Garrett turned around, ready for a fight right up until he realized who was standing there. Jamal was a thin, wiry man who was a good four inches shorter and probably fifty pounds lighter than Garrett. He had also spent twelve years as a marine before going back to school to get his PhD. Garrett just sort of withered as Jamal stared at him. Something that left Maggie feeling torn. On the one hand, she knew it was for the best. On the other hand, she really, really wanted to see Garrett get the ass kicking he had coming his whole life.
“No problem,” Garrett said. “I was just leaving.” He headed out the door, and Jamal moved, letting his pass. Jamal waited a minute before turning to Maggie.
“Yeah,” Maggie said. She sat back down as the pain started to hit her. She took a deep breath and looked at Jamal. “How much of that did you hear?”
“Enough,” Jamal said. “You want me to go get Doctor Miller so you can file a complaint?”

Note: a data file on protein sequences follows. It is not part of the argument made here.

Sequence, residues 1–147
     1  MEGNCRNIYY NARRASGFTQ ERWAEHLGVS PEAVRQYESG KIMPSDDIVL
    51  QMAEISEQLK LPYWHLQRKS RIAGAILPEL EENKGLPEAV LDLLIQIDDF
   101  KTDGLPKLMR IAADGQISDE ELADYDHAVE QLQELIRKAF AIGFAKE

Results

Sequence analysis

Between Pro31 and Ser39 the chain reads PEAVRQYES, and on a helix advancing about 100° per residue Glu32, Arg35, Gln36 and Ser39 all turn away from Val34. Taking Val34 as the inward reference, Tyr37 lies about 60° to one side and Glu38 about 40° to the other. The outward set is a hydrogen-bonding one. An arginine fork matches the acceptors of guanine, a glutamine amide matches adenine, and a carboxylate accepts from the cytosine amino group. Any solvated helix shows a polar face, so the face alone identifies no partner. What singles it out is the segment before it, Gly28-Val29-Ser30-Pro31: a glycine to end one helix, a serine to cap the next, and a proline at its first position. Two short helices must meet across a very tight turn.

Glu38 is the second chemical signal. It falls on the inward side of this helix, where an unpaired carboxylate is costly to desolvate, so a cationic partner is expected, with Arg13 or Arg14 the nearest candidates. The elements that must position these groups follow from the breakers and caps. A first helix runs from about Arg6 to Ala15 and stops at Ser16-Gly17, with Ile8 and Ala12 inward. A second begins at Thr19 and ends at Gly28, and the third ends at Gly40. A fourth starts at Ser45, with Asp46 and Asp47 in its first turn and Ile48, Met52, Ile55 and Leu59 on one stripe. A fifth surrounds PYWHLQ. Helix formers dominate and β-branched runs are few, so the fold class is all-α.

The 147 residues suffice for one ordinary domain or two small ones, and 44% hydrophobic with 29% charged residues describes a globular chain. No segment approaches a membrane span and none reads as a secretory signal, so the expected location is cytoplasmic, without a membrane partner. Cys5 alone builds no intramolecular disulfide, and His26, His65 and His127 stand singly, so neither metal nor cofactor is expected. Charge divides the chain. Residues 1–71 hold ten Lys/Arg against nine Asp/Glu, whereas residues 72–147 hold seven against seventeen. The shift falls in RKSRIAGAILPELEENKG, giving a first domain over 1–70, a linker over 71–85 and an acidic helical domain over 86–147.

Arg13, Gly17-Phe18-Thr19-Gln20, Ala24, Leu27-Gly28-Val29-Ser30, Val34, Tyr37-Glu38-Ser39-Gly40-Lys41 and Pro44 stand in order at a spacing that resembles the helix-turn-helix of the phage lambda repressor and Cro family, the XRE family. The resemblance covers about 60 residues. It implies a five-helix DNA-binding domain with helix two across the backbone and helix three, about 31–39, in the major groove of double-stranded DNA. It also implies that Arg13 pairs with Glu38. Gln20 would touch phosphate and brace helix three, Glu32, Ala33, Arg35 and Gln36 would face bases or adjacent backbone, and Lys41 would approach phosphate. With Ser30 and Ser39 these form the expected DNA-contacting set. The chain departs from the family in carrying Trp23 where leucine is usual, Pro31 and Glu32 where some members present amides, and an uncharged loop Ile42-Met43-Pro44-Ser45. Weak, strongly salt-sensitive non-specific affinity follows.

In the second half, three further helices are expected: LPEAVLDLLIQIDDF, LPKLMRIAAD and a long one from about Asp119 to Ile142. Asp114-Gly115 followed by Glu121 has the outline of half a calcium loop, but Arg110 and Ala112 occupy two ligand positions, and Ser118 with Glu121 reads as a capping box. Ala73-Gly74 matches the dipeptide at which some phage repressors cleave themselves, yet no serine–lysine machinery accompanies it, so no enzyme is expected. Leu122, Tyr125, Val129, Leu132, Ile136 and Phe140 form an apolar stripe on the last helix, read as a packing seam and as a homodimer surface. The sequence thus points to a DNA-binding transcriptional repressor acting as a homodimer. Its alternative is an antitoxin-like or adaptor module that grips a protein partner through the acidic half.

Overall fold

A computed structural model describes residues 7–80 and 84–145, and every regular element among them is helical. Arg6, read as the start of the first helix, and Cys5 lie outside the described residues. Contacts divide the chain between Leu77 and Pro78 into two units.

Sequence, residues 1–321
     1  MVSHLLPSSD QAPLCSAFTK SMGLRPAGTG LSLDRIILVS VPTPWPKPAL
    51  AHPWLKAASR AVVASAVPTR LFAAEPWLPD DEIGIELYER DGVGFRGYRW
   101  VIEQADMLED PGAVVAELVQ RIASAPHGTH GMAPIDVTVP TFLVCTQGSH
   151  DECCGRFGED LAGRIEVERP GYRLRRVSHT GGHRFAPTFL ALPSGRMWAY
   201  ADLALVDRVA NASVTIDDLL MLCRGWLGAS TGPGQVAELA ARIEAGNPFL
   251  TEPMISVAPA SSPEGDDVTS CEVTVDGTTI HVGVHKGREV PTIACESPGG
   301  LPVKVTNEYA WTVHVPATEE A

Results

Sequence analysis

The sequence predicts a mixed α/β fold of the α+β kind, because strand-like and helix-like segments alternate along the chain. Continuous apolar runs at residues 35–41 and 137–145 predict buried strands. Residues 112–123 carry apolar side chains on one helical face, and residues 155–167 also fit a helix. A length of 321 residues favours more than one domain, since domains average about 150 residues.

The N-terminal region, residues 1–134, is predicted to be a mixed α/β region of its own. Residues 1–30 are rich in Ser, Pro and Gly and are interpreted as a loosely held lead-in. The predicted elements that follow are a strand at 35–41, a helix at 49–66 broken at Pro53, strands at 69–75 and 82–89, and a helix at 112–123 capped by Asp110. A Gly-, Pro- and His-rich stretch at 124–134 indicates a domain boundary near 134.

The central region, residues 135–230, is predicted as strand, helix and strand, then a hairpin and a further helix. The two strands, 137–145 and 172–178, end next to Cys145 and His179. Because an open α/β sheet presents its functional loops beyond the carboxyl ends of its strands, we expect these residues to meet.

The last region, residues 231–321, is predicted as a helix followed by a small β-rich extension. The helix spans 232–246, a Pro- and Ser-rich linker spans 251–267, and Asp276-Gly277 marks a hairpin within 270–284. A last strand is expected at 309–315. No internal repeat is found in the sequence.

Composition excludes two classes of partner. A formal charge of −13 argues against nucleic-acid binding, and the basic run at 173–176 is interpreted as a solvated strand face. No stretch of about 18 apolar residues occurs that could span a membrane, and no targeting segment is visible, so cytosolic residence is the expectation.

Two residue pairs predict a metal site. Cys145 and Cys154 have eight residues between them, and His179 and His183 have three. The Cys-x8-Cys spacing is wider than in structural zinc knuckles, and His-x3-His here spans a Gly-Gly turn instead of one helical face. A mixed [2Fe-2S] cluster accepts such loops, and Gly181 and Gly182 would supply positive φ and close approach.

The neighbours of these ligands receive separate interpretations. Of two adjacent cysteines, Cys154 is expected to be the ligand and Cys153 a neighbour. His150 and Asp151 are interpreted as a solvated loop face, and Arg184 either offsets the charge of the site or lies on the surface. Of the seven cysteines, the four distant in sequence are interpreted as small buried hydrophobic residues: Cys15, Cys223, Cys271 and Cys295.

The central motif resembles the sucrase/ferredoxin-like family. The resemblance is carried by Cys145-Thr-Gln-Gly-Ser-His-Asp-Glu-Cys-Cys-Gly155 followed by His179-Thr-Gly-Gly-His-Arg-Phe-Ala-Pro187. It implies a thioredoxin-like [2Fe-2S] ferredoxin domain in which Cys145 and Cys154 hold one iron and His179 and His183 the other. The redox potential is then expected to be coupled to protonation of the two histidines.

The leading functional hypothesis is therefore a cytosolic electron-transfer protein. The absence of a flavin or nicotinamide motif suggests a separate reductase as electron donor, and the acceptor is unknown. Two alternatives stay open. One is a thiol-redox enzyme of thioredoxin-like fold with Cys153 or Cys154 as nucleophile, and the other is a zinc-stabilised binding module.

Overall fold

“No,” Maggie said.
“You sure?” Jamal asked.
“Yeah,” Maggie said.
“You know, you let him get away with shit like that, sooner or later, he’s going to hurt someone.”
“Maybe,” Maggie said. “But I…don’t want to get mixed up in the middle of that.”
Jamal rolled his eyes.
“Sierra’s my friend,” Maggie said.
“If she were your friend, she wouldn’t ask you to put up with Garrett’s bullshit,” he said. “You deserve better than that. You should choose to do what’s best for yourself once in a while.”
“It’s not that easy,” Maggie said.
“Sure it is,” Jamal said. “He threatens you, and instead of worrying about what Sierra will think, you choose to protect yourself, and file a complaint with Doctor Miller.”
“I said no.”
“Fine.” Jamal sighed. “But if you change your mind, you know where to find me.”
“I do,” Maggie said.
Maggie stared out the passenger’s side window of Sierra’s minivan as they drove down the interstate. Normally, she would have just walked to the monorail station, but with her hip acting up, she’d accepted Sierra’s offer to drive her home. Sierra offered every night, but Maggie normally turned her down. There were a lot of reasons for that. One was her enormous crush on Sierra, which probably would have been enough on its own, but there was also her fear of cars. On her best day, she hated them. With the pain in her hip reminding her of how her parents and her brother died, and the confrontation with Garrett still bouncing around in her head, she was having a hard time not feeling like she should have stuck to her routine, even with the pain.